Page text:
2014 WAS overview behind the scenes After the snowy start to the Auto Show Preview, Washington weather was cold and clear on public days

2014 WAS overview behind the scenes

After the snowy start to the Auto Show Preview, Washington weather was cold and clear on public days

The Washington Auto Show is nothing if not adaptable. The first preview day scheduled for Tuesday Jan. 21 brought the most snow Washington has seen since 2010, and a winter weather emergency. As schools, airports and the federal government closed, WAS organizers scrambled to reposition and reset the schedule for Industry/Media Day, the following day, Wednesday, January 22. In the end, it all worked out.

Despite weather that effectively shut down Washington on the Auto Shows first preview day, we rebounded quickly and seamlessly, taking care to reschedule our National Journal event from the day before on Capitol Hill to the second preview day for the media and industry, said Barbara Pomerance WAS communications director. When all was said and done, 2014 proved to be our most successful show ever, from the perspective of media, our industry stakeholders and the public at large.

Political commentator Charlie Cook, pictured above, originally scheduled to speak in the Cannon House Office Building on January 21, appeared instead the next afternoon on Auto Show Media Day and gave his midterm election forecasts to a packed room.

But Industry/Media Day was not without its own hitches, dealing with fallout from the weather emergency the day before. Front and center was the matter of Newsmaker Breakfast keynoter Mark Fields, COO of Ford Motor Company, who because of the snow the day before was unable to fly from Detroit to Washington to be present in person.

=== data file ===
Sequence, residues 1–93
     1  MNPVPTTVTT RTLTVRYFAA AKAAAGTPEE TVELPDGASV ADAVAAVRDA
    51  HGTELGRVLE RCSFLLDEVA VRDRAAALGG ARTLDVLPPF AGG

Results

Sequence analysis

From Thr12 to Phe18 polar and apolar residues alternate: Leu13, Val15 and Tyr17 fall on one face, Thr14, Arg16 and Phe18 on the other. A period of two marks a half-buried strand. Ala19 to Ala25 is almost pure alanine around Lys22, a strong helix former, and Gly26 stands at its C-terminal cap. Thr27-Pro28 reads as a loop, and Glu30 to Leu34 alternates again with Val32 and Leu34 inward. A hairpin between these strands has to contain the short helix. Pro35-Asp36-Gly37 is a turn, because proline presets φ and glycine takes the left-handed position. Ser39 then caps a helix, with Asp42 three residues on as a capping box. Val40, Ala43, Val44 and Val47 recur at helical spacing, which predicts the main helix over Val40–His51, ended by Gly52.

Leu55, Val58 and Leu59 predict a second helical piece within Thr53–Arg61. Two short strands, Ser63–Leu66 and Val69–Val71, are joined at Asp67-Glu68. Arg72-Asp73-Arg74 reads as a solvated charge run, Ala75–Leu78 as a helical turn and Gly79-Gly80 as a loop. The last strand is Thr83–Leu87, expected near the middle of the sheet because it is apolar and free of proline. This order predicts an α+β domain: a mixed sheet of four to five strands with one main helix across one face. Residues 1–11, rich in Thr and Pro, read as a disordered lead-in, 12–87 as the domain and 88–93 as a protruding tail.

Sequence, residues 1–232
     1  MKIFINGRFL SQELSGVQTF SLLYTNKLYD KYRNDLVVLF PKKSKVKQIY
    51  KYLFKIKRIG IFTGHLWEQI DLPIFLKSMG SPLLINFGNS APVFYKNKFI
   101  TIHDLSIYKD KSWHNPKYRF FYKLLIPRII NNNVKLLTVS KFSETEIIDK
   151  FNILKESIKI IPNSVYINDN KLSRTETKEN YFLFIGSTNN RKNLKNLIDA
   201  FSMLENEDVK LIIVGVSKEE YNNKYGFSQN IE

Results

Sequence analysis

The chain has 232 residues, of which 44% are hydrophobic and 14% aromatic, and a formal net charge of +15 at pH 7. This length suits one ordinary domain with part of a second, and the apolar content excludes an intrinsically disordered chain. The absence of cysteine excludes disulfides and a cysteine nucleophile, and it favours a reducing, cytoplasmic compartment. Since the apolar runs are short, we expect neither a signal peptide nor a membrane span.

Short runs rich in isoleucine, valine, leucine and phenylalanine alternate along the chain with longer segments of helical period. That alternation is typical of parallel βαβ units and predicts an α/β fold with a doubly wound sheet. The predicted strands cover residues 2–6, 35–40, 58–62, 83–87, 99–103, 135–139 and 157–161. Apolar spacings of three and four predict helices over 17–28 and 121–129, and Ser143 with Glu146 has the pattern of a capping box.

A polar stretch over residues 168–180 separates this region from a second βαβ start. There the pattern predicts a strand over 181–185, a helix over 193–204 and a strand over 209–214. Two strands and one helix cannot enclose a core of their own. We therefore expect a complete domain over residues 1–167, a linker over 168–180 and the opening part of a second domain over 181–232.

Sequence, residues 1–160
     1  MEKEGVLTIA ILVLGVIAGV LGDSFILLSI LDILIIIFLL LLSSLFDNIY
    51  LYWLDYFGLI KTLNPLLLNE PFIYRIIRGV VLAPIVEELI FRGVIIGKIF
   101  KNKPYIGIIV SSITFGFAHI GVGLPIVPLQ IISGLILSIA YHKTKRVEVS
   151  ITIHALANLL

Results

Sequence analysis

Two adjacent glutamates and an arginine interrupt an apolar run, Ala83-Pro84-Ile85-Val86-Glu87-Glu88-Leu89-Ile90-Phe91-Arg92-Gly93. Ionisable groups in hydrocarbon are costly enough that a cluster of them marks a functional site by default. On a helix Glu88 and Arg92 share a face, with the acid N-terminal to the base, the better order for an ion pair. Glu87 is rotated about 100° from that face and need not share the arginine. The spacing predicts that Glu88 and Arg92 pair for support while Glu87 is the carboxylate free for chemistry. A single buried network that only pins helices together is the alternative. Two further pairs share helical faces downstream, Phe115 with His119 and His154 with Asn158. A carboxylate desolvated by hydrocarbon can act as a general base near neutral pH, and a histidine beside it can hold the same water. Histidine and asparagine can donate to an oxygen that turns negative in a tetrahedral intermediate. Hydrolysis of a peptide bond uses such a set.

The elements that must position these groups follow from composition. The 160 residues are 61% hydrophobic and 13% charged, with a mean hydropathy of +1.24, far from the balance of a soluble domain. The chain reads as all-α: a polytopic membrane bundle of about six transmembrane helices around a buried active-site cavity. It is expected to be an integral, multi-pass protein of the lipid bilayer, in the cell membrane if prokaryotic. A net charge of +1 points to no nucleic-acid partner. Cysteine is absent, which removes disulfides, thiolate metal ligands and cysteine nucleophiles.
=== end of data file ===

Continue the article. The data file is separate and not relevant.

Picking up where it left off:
Heres where 21st Century technology came to the rescue, said Pomerance who conferred with Ford communications professionals while the snow was falling the day before Fields scheduled presentation to arrange for an interactive video conference presentation. It couldnt have worked out any better for the media that packed the Ford space to hear Fields presentation while being able to interact with the state-of-the-art vehicles he was talking about by way of Fords product executives on the ground at the breakfast, Pomerance said.

The other major logistic the day of the snow storm was the maiden voyage of the International Motor Press Association /WAS Media Train en route from New York to DC. The train car load of seasoned automotive reporters on the Auto Show train sponsored by Nissan USA delivered the news gatherers to Union Station and ultimately the Walter E. Washington Convention Center timely and safe to participate in the day long WAS media events.

The only other logistic we ran into on Industry/Media Day was the rescheduling of our other keynoter, Ernest Moniz, Secretary of Energy, whose people contacted us as the snow was falling the day before to say that the secretary needed to move from the afternoon to the morning because of an unexpected meeting at the White House with the president, said Pomerance. A change-up, for sure, but not a weather related one, she said.

For a complete report on all WAS Industry/Media Day activities, see WANADA Bulletin #4-14, Jan. 31, 2014, Washington Auto Show Special Edition on www.wanada.org.

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